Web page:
ACADEMY AWARDS HISTORY AND OSCARS EXPERIENCE
Since 1929, the Academy Awards have been the ultimate recognition of moviemaking excellence. Originally a dinner for industry insiders only, the ceremony has gradually become a global phenomenon watched by millions around the world. Visitors can trace the rich history of the Academy Awards and the story of the Oscar in an exhibition that includes favorite highlights, memorable winners’ speeches, private backstage moments, and rarely seen materials from the Academy’s collection. The exhibition will look back at the show, its glamour as well as its controversies, and the ways in which the Academy Awards ceremony has evolved and been a mirror of our culture. Visitors will then enter a gallery offering an Oscars experience only the Academy can provide, allowing visitors their own photo opportunity and Oscar moment.
The Academy Museum will also feature a robust schedule of rotating temporary exhibitions in the fourth floor’s Marilyn and Jeffrey Katzenberg Gallery. These exhibitions will include retrospectives of major filmmakers, focused studies on aspects of filmmaking, artists’ projects, and explorations of the way movies reflect and influence society.
The Academy Museum’s opening temporary exhibition will be an unprecedented U.S. retrospective of famed Japanese filmmaker Hayao Miyazaki, curated by Jessica Niebel in collaboration with Studio Ghibli. Celebrated and admired around the world for his imagination, authorial vision, craftsmanship, and deeply humanistic values, Miyazaki continues to influence generations of filmmakers and film lovers. The exhibition will take visitors on a thematic journey through his cinematic worlds using original production materials from Studio Ghibli’s archives and features such films as My Neighbor Totoro (1988) and Spirited Away (2001). The exhibition will present more than 200 concept sketches, character designs, storyboards, layouts, cels, backgrounds, film clips, and immersive environments. A catalogue, film series, and public events will accompany the presentation, and unique Studio Ghibli merchandise will be sold at the Museum’s shop.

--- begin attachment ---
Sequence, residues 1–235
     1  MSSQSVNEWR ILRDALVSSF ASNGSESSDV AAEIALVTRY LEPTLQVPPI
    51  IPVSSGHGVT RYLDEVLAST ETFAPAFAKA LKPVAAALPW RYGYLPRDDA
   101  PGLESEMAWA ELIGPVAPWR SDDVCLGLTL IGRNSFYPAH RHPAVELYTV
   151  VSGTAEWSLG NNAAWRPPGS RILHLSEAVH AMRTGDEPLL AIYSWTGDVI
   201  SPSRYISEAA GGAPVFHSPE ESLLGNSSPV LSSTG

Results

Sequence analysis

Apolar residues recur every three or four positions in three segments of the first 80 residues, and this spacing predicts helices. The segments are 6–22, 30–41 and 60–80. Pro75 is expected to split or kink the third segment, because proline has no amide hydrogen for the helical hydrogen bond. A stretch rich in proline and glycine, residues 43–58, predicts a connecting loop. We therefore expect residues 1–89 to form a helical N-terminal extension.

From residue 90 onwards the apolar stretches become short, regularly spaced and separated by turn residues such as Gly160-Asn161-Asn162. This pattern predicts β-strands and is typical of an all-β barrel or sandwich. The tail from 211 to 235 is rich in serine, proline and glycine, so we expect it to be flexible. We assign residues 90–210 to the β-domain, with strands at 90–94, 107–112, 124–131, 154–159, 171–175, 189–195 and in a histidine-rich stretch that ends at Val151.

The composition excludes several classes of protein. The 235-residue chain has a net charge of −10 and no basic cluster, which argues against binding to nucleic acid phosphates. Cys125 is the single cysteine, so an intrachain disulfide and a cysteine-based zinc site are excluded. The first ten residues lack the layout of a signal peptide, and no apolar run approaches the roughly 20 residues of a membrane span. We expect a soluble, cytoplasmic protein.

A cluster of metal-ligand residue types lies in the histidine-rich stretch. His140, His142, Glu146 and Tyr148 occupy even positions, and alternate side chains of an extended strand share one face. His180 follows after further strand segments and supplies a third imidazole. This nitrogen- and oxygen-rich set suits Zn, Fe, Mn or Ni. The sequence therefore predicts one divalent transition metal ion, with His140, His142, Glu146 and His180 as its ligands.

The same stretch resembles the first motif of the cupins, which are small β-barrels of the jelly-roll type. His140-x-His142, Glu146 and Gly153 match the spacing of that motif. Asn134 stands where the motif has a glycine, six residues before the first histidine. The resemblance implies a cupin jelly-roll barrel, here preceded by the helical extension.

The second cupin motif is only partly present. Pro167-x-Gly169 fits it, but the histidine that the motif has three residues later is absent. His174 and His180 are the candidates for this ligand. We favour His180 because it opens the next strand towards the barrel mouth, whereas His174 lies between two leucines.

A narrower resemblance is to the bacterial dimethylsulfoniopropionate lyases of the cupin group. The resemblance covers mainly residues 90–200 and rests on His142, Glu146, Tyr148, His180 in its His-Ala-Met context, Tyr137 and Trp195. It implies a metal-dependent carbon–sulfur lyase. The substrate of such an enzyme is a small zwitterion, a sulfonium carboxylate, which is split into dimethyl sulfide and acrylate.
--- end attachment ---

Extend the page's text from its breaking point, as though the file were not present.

In the Museum’s Hurd Gallery—a 34-foot-high project space dedicated to the work of contemporary artists and filmmakers pushing the boundaries of moving image media—will be a dramatic interactive installation by teamLab, curated by Kerry Brougher and Deborah Horowitz. teamLab is an interdisciplinary art collective based in Tokyo comprising more than 500 artists, programmers, engineers, CG animators, mathematicians, and architects. Transcending Boundaries presents a site-specific, real-time, ever-changing environment that allows the viewer to engage directly with the artwork itself. teamLab’s work looks toward the expanded possibilities of moving image and digital technology.
Following Hayao Miyazaki, the Academy Museum will present Regeneration: Black Cinema 1900-1970 in Fall 2020. Regeneration will explore the visual culture of Black cinema in its manifold expressions from its early days to just beyond the Civil Rights movement. Co-curated by Doris Berger and Rhea Combs, Supervisory Curator of Photography and Film at the Smithsonian’s National Museum of African American History and Culture (NMAAHC), it will be the first exhibition of its kind—a research-driven, in-depth look at Black participation in American filmmaking. In addition to offering a critical exploration of Hollywood productions, Regeneration will highlight the work of independent African-American filmmakers and create dialogues with visual artists. The exhibition’s goal is to redefine American film history as it elevates this under-represented aspect of artistic production and presents a more inclusive story. Regeneration is the proud recipient of the Sotheby’s Prize. The Sotheby’s Prize is an annual award that supports and encourages museums to break new ground. The grant aims to recognize curatorial excellence, and to facilitate exhibitions that explore overlooked or under-represented areas of art history. The Sotheby’s Prize is awarded by a jury comprising Sir Nicholas Serota, Donna De Salvo, Okwui Enwezor, Connie Butler, Emilie Gordenker, and chaired by Allan Schwartzman.
Regeneration’s curatorial team is collaborating with an advisory panel throughout the development of the exhibition. The panel brings expertise and experience deeply rooted in scholarship and filmmaking and includes Charles Burnett, filmmaker, Academy member; Ava DuVernay, filmmaker, Academy member; Michael B. Gillespie, Associate Professor, The City College of New York, Department Media Communication Arts; Shola Lynch, Curator, New York Public Library, Schomburg Center for Research in Black Culture, filmmaker, Academy member; Ron Magliozzi, Curator of Film, The Museum of Modern Art; Ellen C. Scott, Associate Professor and Head of Cinema and Media Studies, UCLA School of Theater, Film, and Television; and Jacqueline N. Stewart, Professor, The University of Chicago, Department of Cinema and Media Studies.
To encourage visitors to explore, dive deeper, and directly interact with exhibitions, collections, filmmakers, and fellow film lovers, the Museum’s public programs will include panel discussions, symposia, gallery talks, and other public events. The 288-seat Ted Mann Theater will offer daily thematic and exhibition-related screenings, and special showings and events will be held at the 1,000-seat David Geffen Theater. Film programming is overseen by Bernardo Rondeau. In addition, the Museum will offer an innovative range of digital engagement platforms and interactives, including a groundbreaking app.
Additional information about Hayao Miyazaki, Transcending Boundaries, Regeneration, and the Museum’s public programs and film screenings will be announced at a later date.